Having grown rich on tourism and contraband (mostly cocaine), Leticia has more than a touch of the Wild West about it, but is still relatively safe. There's no physical border at the port or between Leticia [Colombia] and Tabatinga [Brazil], though disembarking passengers sometimes have to go through a customs check, so carry your passport at all times. If you want to go on into Colombia, the cheapest way is to take a canoe to Puerto Asis, , where you can latch on to the bus transport system, but to do this, or to stay overnight, you'll need to get a Colombian tourist card from the consulate at Iquitos, or at Manaus if coming from Brazil. Alternatively, head straight for the DAS office (Departamento Administrativo de Seguridad, C 9, 9-62, T. 098-5927189 or 5924878; open 24hr) just a few blocks from the port.

If you do stay, be warned that it's a lively town, with cumbia and salsa music blasting out all over the place, and establishments remaining open until the wee hours of the morning. The best of the basic hotels are Residencial Monserrate and Residencial Leticia, but much nicer are the Colonial, which has (p.530)

air-conditioning and private baths, located near the port square at Carrera 10 (T. 098-0057919, and the swish Anaconda at Carrera 11 (T. 098-5927891 or 5927119), which has a pool and an attractive maloca-style bar.The cheapest place to eat, and with the greatest variety of food, is at the riverside market, though the Bucaneer and La Taguara cafés, both at Carrera 10, are much better.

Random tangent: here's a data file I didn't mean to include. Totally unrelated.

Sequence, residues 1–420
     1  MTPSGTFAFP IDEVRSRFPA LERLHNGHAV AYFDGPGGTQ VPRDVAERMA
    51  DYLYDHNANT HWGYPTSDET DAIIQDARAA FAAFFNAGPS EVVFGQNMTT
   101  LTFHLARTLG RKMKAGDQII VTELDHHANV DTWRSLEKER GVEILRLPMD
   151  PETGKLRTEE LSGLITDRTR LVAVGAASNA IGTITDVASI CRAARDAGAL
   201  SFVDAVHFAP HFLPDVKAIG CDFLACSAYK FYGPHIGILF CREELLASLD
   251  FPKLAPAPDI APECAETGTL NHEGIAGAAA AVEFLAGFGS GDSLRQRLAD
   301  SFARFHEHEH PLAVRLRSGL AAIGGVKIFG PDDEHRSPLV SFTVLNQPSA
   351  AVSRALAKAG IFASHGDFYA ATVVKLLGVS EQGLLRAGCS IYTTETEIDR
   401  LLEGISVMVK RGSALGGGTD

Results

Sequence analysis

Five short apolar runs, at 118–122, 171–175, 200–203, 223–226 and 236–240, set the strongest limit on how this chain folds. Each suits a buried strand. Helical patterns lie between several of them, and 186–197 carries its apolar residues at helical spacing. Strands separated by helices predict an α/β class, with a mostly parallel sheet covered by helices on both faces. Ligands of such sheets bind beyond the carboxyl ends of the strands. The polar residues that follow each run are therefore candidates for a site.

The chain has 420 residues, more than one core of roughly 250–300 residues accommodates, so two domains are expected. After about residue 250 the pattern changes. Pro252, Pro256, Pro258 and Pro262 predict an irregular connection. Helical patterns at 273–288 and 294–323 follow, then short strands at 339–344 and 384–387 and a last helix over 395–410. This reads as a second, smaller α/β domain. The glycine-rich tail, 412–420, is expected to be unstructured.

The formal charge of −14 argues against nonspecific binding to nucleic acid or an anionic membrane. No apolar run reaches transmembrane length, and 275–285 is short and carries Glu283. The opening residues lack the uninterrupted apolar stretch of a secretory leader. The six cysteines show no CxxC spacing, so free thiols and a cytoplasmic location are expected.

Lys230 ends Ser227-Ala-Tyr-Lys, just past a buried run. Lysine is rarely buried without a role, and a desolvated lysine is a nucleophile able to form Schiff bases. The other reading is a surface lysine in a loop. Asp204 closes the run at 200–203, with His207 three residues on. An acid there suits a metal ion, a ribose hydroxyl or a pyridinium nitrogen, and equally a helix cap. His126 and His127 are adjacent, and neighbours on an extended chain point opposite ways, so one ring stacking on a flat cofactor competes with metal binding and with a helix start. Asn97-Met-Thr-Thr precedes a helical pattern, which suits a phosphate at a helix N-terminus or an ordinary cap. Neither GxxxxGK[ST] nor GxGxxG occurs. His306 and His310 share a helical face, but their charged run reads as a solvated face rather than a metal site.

Tabatinga in Brazil

Smaller than Leticia, Tabatinga is hardly the most exciting place in South America, and many people stuck here waiting for a boat or plane to Manaus or Iquitos prefer to hop over the border to Leticia for the duration of their stay, even if they don't plan on going any further into Colombia. There are two docks here: at the smaller of the two, where lesser boats and canoes come and go with local produce and passengers, you'll encounter customs checks; Port Bras, the larger dock, is where you find the big recreo boats heading for Manaus.

Brazilian entry and exit formalities are processed at the Policia Federal office (T. 092-4122180; 10am-8pm, though 24hr for emergencies); if you're entering Brazil you'll usually be asked to show an exit ticket or prove that you have $500.

There are a few places to stay. Try the Hotel Paje, Rue Pedro Teixeira (T. 092-4122558), or the much nicer and friendlier Hotel Te Contei, Avenida de Amizade 1813 (T. 092-4122377 or 4132566), which is entered via the rickety spiral stairway over a pizzeria of the same name. There are a handful of other restaurants dotted about, mainly by the smaller dock.

Boats from Tabatinga and Benjamin Constante to Manaus - and from Tabatinga to Perú

Continuing on downstream into Brazil on boats to Manaus, a four-to seven-day journey that is often very crowded, costs $40 to $80 depending on their size, condition and whether or not you require a cabin. They leave from both Tabatinga and Benjamin Constante, on the other side of the Amazon, usually starting from the former in the early afternoons (frequently on Wednesdays, but also less regularly on most other days of the week) and calling at the latter an hour or so later. If there are no boats in Tabatinga, however, it may be worth taking a speedboat ferry ($7; a 30min trip) to Benjamin Constante to see if there are any departing just from there.